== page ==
Freshwater pearls mussel their way back into gem shop

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SCOTTISH freshwater pearls are being sold again in Edinburgh following a ban to preserve endangered mussel stocks.

The stones, which are said to have attracted Julius Caesar to ancient Britain, have gone on sale at city jewellers Alistir Wood Tait in Rose Street after a special licence was granted by the Scottish Executive.

The shop, which specialises in Scottish antique jewellery, can sell the rare pearls as long as they were obtained before 1998, when laws preventing their sale were introduced.

Last year the Executive and Scottish Natural Heritage (SNH) launched a crackdown on shops selling pearls, carrying out raids which uncovered hundreds of the pastel-coloured stones.

For seven months, all Scottish pearls were stripped from shelves in a bid to protect the under-threat mussels that now thrive in only a handful of Scottish rivers.

Mr Tait, the store’s owner, said yesterday that he hoped to raise the profile of the pearls.

‘‘I am absolutely delighted we have now been granted the appropriate licence and that at last there seems to be some clarity on this issue,’’ he said.

"Like most jewellers, we want to see the mussels protected, and for years have handled only vintage stones collected many years ago. However, the entire profession was confused about the exact nature of the law, and that has now been clarified.

"Scottish pearls are among the most beautiful and sought-after in the world, and I am extremely pleased we are now able to sell them again, particularly given that pearl is the birthstone for June and that pearls are enjoying something of a renaissance at the moment."

He added that he had received hundreds of requests for Scottish pearls after last year’s raids.

His collection starts with a four-strand matched pearl and diamond bracelet costing 3,530. He plans to sell Scottish pearls until his antique stock runs out.

Scotland is home to half the world’s population of freshwater pearl mussels, but only 61 known breeding sites are left in the country. The species is embedded in Scottish culture, and the famous Kelly pearl, the largest ever found in Britain, is part of the Scottish crown jewels.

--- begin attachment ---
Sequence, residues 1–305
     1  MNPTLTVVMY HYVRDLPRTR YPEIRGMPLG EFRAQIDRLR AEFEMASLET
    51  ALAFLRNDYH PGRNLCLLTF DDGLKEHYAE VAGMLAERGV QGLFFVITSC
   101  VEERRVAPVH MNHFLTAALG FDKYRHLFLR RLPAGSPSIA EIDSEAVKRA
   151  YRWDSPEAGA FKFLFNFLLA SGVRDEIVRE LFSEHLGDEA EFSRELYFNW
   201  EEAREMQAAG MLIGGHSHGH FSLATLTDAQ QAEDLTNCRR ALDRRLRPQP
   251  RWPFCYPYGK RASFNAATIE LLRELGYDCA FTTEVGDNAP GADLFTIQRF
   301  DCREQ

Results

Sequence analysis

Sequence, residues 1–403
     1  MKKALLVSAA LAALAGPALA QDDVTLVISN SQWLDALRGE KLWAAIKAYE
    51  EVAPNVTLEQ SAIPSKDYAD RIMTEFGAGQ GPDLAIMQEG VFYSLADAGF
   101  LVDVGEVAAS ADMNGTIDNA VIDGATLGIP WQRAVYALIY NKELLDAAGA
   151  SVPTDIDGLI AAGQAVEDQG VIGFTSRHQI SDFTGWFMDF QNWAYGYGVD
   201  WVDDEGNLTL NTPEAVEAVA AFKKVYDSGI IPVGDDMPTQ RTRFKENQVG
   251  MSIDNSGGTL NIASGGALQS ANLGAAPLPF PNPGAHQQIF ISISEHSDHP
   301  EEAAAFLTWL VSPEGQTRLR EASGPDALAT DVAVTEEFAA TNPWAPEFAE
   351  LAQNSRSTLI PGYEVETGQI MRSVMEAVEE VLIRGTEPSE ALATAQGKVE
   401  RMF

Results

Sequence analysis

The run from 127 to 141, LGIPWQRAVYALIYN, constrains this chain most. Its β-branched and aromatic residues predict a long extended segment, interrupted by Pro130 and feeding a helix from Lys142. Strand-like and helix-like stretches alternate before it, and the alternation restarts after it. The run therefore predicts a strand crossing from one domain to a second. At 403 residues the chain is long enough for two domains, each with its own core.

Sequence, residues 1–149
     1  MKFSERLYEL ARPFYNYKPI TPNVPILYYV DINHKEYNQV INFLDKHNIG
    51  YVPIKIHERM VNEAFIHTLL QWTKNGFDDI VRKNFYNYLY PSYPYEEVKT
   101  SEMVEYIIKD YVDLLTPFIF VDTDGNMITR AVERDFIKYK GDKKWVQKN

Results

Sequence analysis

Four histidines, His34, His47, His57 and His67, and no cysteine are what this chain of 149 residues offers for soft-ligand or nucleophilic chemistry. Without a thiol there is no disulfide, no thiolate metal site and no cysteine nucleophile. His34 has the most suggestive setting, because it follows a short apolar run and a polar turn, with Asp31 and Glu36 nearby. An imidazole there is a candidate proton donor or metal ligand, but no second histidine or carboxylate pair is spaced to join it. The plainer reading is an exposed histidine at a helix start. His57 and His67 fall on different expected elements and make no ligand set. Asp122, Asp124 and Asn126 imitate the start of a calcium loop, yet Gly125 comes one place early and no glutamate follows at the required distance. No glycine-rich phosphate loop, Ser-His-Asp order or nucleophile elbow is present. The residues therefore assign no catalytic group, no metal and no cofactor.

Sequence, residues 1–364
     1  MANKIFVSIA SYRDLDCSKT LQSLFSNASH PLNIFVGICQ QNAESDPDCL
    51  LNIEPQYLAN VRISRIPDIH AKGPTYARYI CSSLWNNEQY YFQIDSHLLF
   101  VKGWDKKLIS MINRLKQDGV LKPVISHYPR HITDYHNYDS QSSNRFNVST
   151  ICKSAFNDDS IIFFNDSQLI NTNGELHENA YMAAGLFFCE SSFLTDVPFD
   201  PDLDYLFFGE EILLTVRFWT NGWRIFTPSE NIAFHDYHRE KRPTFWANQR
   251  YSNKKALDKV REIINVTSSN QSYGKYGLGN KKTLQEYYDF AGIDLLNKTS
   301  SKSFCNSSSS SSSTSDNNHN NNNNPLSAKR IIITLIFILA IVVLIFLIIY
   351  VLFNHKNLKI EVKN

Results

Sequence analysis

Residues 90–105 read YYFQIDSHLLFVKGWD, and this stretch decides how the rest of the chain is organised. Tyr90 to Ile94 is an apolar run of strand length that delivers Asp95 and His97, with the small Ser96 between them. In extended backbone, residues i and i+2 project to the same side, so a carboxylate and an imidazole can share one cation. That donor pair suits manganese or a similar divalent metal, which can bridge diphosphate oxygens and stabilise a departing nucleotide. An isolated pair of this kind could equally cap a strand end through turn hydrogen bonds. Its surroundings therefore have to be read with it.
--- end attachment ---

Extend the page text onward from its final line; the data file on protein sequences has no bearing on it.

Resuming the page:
However, mussel populations have been falling sharply and the mussels, which can live up for up to 120 years, have been disappearing from an average of two rivers every year in Scotland since 1970.

While cultured pearls are formed by deliberately inserting an irritant into a mollusc, the most sought-after pearls are those that form naturally.

A Scottish Executive spokeswoman said freshwater pearls were protected under national conservation laws similar to other protected species such as the red squirrel.

"Under the Wildlife and Countryside Act 1981 it is an offence to kill, injure, take, intentionally disturb or damage their habitat; or sell, offer or expose for sale, advertise for sale and transport for sale any freshwater pearl mussel or its pearls without a licence from the Scottish Executive.

"A licence issued by the Scottish Executive only permits the sale of pearls obtained prior to 1998.

"Illegal sales of freshwater pearls carry a penalty of up to six months’ imprisonment and a maximum fine of 5,000 under the Wildlife and Countryside Act 1981."

John Ralston, a licensing officer at SNH, said: "Although it is illegal to fish for freshwater pearl mussels, we know from our monitoring work that plundering still goes on in many parts of the country, which is damaging extremely fragile populations of this endangered species.

"It is against the law to sell freshwater pearls without a licence, but we think there may be numerous jewellery companies which are continuing to trade in stock purchased before the law was changed in 1998, or as part of the black market trade."

Mr Ralston said SNH would work with jewellery companies to raise awareness, and with police to track down those breaking the law.